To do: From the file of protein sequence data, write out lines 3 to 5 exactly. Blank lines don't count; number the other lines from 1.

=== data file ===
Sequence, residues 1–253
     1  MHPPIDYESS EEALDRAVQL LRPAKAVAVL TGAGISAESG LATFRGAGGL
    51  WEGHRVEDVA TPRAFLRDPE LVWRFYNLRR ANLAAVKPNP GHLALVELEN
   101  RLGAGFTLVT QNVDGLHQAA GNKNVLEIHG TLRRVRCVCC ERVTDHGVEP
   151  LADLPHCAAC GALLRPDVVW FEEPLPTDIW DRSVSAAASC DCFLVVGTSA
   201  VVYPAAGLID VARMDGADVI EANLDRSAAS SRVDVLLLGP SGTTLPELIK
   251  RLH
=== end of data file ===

    51  WEGHRVEDVA TPRAFLRDPE LVWRFYNLRR ANLAAVKPNP GHLALVELEN
   101  RLGAGFTLVT QNVDGLHQAA GNKNVLEIHG TLRRVRCVCC ERVTDHGVEP
   151  LADLPHCAAC GALLRPDVVW FEEPLPTDIW DRSVSAAASC DCFLVVGTSA